eli5/Electric cars

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There is so much discussion about charging stations and batteries being barriers to producing economical, practical electric cars that can travel long distances without charging. (I live in Australia where distance is a real ‘thing’)

Am I missing something?

Why can’t such a vehicle use a “dynamo” system to produce its own energy once in motion?

In: Engineering
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Conservation of energy.

A dynamo uses the energy of movement to create electrical energy.

But you need electrical energy to move.

Because as they’re driving, they’re expending energy, and even with a high efficiency dynamo system, it wont ever be able to produce as much as it’s expending.

Imagine if the car is using 100W/m, and the dynamo is only charging at 25W/m. Out of a 1000 watt battery, you’d only effectively get 2.5 extra hours of runtime.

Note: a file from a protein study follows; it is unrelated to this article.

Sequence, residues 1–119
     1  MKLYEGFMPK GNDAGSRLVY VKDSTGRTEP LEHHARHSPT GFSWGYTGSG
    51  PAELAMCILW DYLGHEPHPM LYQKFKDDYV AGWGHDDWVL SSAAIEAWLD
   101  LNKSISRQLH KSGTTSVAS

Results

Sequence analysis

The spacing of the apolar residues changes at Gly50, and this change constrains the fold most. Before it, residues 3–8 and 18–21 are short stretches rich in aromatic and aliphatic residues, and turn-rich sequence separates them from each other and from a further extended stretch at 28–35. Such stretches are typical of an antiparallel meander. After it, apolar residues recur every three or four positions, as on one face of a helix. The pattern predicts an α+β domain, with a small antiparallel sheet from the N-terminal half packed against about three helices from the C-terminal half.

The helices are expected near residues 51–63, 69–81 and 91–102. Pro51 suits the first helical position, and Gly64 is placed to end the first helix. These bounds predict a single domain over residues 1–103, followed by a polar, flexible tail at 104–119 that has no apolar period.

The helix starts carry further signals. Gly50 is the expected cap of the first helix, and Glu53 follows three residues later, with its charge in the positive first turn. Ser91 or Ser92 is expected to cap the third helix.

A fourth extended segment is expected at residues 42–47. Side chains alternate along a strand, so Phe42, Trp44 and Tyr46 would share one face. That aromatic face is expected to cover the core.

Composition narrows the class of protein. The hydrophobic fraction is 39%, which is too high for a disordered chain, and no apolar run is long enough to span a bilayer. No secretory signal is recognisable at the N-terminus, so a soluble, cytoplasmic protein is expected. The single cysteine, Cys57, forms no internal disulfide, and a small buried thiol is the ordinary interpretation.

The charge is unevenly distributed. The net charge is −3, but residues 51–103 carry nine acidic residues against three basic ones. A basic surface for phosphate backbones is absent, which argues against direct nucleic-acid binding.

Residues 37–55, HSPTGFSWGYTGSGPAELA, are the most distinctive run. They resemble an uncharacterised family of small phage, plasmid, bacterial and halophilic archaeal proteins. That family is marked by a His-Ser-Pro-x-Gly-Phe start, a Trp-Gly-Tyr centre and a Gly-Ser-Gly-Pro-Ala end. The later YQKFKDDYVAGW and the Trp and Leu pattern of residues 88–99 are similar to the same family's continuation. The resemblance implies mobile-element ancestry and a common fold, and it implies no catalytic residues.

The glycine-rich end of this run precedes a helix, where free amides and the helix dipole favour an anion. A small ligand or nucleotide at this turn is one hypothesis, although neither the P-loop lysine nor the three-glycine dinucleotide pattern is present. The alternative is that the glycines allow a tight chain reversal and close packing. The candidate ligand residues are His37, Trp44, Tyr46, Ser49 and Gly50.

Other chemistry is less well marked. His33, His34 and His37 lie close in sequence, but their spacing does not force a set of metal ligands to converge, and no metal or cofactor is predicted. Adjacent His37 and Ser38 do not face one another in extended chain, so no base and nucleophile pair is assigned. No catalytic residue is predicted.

My Tesla goes 300 miles to a charge, you can buy them with 400 miles of range and in a short while with 500 miles range which you can preorder now.

You cannot pull energy from a moving vehicle without causing it to slow down or otherwise become less efficient. EVs and hybrids actually use this technique to their advantage when slowing, this also saves on brake wear and slightly will add charge to the battery.

The contiguous 48 states of the US (excludes Alaska and Hawaii) is around 20% bigger than Australia and has about 7.5 times more roadways. That being the case, Australia should be an easier candidate for electric vehicles. It’s a smaller country, with fewer roadways, and a smaller and more separated population so that charge stations could be relatively concentrated and serve a large number of vehicles.

That said, the materials to manufacture batteries of that size are the real discussion in economic feasibility. It basically boils down to whether or not we want to strip mine all of Bolivia and Australia for lithium and the Democratic Republic of the Congo for cobalt.